When USTA Florida Super Senior League team captain Malcolm Simmonds embarked on his very first year of play in the Super Senior (players age 60 and older) division, he faced two obstacles: he was primarily a singles tournament player and didn't like to volley, and at 76 years of age he was older than many of the "youngsters" in the league.
Neither obstacle proved a deterrent as Simmonds now finds himself and his teammates representing USTA Florida this weekend at the USTA League 7.0 & 9.0 Super Senior National Championships, April 29-May 1, 2011 at the Surprise Tennis & Racquet Complex in Surprise, Ariz.
As the team captain Simmonds challenged the age issue by partnering with someone even more experienced, his 78-year-old teammate Edward Pavlick. The volleying issue was also solved by Pavlick, who Simmonds says is happy to take charge at the net while he scampers along the baseline.
"I'm a singles player, so I play doubles from the baseline," Simmonds said. "I don't like to volley and I'm really not confident volleying, and some people don't like that. They want a partner to be up at the net with them, but my partner is happy because he likes to be up at the net, but he cannot move as well as me.
"So he's very happy because he's a good volleyer, and he knows I'm covering the back, and if I play with someone else I know they're not happy to play with me," he adds with a laugh.
Simmonds quickly found himself in the team's captain's seat after the former captain, who was also the USTA local league coordinator, stepped down due to a conflict of interest.
"So I got an e-mail from her, not saying, 'Would you mind being captain?' but it said 'You are captain,'" he said, laughing. "And that's how I ended up being captain of the men's team."
Just as Simmonds and his partner are a unique fit, the 76-year-old feels that much of the success of their team is due to long-term teaming at the doubles positions.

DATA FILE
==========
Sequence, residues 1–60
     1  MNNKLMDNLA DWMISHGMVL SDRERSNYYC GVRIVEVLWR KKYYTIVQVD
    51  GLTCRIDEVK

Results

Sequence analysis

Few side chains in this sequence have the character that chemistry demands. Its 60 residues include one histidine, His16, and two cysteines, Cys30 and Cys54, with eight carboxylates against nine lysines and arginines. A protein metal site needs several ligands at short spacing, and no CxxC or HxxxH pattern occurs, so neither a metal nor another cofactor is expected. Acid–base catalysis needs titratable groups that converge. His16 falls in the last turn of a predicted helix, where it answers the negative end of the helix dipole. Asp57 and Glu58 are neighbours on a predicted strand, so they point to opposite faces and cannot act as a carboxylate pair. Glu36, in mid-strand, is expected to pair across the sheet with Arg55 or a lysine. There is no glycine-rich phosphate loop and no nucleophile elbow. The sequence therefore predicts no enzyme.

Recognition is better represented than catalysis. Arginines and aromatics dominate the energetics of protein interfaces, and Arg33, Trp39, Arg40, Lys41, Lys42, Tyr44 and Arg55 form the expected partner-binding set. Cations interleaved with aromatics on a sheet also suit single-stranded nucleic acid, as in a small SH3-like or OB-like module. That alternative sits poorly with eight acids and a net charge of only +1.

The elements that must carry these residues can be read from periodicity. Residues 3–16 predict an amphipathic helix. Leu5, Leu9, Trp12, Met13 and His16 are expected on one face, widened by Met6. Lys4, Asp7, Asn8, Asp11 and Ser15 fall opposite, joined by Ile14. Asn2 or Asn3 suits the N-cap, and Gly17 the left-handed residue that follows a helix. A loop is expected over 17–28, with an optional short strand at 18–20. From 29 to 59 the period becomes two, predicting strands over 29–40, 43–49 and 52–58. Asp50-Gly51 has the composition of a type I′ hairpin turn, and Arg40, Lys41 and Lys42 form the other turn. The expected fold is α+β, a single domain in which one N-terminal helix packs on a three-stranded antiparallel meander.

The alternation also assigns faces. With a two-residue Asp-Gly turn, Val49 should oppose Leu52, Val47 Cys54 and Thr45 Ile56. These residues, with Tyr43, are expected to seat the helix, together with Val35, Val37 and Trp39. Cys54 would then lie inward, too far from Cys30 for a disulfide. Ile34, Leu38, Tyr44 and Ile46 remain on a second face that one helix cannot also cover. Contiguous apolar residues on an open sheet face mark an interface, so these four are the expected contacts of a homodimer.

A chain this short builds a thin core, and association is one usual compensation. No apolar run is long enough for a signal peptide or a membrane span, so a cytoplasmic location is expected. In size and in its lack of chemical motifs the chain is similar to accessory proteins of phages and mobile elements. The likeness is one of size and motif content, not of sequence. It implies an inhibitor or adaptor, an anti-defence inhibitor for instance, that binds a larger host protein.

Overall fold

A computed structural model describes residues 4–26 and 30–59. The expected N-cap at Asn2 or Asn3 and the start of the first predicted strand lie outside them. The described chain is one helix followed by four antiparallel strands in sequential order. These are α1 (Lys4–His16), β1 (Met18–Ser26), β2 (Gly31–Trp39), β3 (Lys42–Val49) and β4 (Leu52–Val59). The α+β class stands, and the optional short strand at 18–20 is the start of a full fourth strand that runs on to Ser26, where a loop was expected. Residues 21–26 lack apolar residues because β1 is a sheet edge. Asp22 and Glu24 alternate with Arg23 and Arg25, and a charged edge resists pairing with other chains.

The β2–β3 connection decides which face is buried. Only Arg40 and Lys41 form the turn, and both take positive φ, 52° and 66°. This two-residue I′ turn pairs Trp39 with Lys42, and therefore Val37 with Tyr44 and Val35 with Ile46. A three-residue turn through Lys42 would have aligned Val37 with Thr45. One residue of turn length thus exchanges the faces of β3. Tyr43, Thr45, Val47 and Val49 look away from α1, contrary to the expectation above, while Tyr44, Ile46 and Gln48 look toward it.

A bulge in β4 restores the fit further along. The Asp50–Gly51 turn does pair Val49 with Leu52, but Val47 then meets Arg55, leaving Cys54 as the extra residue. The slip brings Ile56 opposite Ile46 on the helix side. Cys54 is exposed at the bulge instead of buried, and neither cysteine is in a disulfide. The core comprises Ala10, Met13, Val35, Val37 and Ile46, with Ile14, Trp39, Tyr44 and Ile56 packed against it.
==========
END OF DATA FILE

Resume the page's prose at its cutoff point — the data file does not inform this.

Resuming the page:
"I had some experience back when I played county tennis [in England] where I used to really get (ticked) off because they used to just pick the two best players, and they would play No. 1 [doubles], and that was just absurd," Simmonds says. "The best players don't necessarily make the best doubles team. We play it as four teams of two, which really makes a big difference. A doubles team is about playing the best with that player. You may have the two best players together, but they might not get along, and there's some people that just play better when they're playing with someone else. I play the same teams together all the time. I think that has a lot to do with our success really."
While many captains of USTA League teams navigate rough waters in juggling their line-ups in an effort to please everyone all the time, Simmonds says his captaincy has been smooth sailing.
"Everybody is a team member, they put the team first and themselves second," Simmonds says. "Almost every member of the team has come to me at one time or another and said, 'Don't worry about playing us, you must do what's best for the team.' That makes it much easier as a captain, when you don't have to deal with some of the difficult issues."
No matter what their results this weekend in Surprise, Ariz., he says two things are for certain -- they will have their supporters from their home club, The Plantation at Leesburg, just north of Orlando, some in person and some in spirit -- and they will be having fun.
"We get a lot of support from the community at The Plantation," Simmonds says. "Last year we had six or eight people travel with us, and I'm not talking about the spouses, but other people from the community that are interested in playing tennis. They come to some of our away matches and to sectionals, and it makes a lot of difference to have that support. We have a lot of fun when we're playing -- it's not that we're not serious, it's just that we are enjoying ourselves."
for more news & photos from the 2010 USTA League 7.0 & 9.0 Super Senior National Championships.